WICB projects 100% rise in revenue if ICC revamp stamped
The West Indies Cricket Board has said it expects its revenue to rise by "at least 100%" over the next eight years if the "key principles" of the draft proposal on the ICC's revenue sharing are voted in.
The board issued a statement in support of the "key principles" put forward on day one of the ICC executive board meeting in Dubai, saying it had engaged in "extensive discussions" before concluding that several of the key principles could be beneficial to West Indies cricket.
"After extensive discussions and careful consideration the West Indies Cricket Board joined with all other Full Members of the ICC in providing support for key principles relating to the future structure, governance and financial models of the ICC," the release said.
The release listed the benefits the proposals could have for the game in the Caribbean, including the projected monetary benefits. "Based on new proposed system of ICC revenue sharing for the upcoming eight year cycle (2015-2023) WICB projects to receive at least 100% increase on the previous eight year cycle (2006-2014)," the release said.
The annual Test Match Fund, which is to support Full Members other than India, England and Australia, will "allow the WICB a financial buffer in the hosting of Test cricket against unprofitable teams", the release said.
Also, bilateral playing agreements, as opposed to the FTP, would mean West Indies "will not be bound" to host those unprofitable tours, it said. "West Indies will have an opportunity, through bilateral agreements, to increase the number of matches and series (Tests, ODIs and T20Is) played annually by the West Indies men's team against higher ranked opposition and against teams, which are profitable to the WICB. These will include matches and series both in the West Indies and overseas."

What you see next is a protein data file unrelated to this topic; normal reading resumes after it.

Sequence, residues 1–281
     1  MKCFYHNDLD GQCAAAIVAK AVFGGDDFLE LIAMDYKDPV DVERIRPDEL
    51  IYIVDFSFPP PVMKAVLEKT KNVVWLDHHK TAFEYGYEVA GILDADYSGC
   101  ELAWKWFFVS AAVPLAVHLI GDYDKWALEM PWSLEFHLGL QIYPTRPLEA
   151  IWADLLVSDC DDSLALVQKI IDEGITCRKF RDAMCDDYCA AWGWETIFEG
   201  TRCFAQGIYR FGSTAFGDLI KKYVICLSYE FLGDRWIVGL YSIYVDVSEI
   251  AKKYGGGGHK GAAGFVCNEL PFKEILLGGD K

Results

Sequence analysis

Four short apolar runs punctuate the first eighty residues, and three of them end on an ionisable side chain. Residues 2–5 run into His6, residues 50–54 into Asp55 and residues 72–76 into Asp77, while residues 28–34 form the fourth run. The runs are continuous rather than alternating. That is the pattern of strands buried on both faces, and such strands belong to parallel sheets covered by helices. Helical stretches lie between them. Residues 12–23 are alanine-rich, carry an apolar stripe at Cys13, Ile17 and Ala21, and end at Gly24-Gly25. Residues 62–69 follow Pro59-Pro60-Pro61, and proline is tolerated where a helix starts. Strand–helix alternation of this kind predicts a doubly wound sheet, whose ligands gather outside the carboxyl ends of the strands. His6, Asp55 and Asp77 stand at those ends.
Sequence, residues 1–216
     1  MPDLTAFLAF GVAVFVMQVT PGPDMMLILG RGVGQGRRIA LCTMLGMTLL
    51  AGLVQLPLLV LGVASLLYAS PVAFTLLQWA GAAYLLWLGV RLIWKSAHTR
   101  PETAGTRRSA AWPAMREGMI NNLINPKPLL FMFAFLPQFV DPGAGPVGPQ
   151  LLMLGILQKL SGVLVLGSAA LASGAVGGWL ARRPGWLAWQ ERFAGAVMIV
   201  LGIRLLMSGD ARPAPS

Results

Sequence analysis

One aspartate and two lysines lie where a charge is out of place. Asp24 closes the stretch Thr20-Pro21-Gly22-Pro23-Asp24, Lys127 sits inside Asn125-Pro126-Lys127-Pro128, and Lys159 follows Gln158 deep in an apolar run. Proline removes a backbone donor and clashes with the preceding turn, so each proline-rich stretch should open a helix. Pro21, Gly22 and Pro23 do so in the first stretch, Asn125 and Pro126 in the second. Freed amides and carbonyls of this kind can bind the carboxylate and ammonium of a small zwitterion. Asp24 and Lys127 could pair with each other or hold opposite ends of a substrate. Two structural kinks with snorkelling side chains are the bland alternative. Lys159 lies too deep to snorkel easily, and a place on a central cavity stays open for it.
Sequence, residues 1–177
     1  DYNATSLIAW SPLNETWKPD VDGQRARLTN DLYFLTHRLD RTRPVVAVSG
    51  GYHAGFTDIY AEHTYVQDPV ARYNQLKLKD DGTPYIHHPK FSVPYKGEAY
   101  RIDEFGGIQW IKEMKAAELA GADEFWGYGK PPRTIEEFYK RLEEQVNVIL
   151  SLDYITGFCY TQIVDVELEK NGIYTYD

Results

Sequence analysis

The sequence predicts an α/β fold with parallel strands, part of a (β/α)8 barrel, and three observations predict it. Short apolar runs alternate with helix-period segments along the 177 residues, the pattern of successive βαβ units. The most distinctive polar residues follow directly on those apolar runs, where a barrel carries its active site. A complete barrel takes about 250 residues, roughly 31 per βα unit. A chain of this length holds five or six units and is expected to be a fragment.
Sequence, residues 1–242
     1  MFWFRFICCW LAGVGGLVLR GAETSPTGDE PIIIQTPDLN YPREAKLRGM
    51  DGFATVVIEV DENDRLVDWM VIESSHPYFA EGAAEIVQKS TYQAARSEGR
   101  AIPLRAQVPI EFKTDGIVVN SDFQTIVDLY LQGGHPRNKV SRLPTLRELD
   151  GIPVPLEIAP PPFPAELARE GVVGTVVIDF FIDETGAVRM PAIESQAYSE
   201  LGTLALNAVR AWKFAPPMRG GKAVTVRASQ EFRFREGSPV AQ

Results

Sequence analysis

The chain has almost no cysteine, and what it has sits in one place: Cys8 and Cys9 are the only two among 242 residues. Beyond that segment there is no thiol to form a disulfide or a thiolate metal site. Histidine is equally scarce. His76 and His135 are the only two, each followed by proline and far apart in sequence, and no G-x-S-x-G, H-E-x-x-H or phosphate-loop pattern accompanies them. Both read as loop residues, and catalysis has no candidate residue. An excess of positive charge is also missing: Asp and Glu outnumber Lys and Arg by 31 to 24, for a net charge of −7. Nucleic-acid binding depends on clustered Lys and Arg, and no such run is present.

Moreover, the BCCI, ECB and Cricket Australia "have all committed" to increased tours to the Caribbean over the next eight years, in addition to the current tours slotted into the FTP, the board said.
West Indies will not be affected by the originally proposed two-tier Test system, it said, since they are currently ranked seven on the ICC ratings; while the team is just a five points clear of eighth-placed New Zealand at present, there is a big gulf between eight and nine - Zimbabwe, at nine, are 53 points adrift of West Indies.
Also, the key principles on governance, the WICB said, will not have any negative effect on the board since its members are "not in any way excluded from membership or chairmanship of any committee of the ICC". They will remain eligible to be elected to the presidency, vice-presidency and chairmanship of the ICC, and chairmanship of the proposed ExCo and Financial & Commercial Affairs committees.
Following discussions in Dubai on Tuesday, the ICC board settled for a period of consultation between boards and discussion over a set of principles, which, if approved, will grant the BCCI, the ECB and Cricket Australia a bigger share of cricket's global revenues and a bigger control of the game's governance. The matter was not put to vote, with four cricket boards - Cricket South Africa, Sri Lanka Cricket, Bangladesh Cricket Board and Pakistan Cricket Board - showing opposition towards such a revamp. New Zealand Cricket, on the other hand, had earlier stated that it was not worried by the proposed changes.
The WICB had refrained from commenting on the draft proposal earlier, the release said, since it had wanted to "engage in discussions with fellow Full Members and receive a more detailed and thorough presentation at the ongoing ICC meeting" before reacting.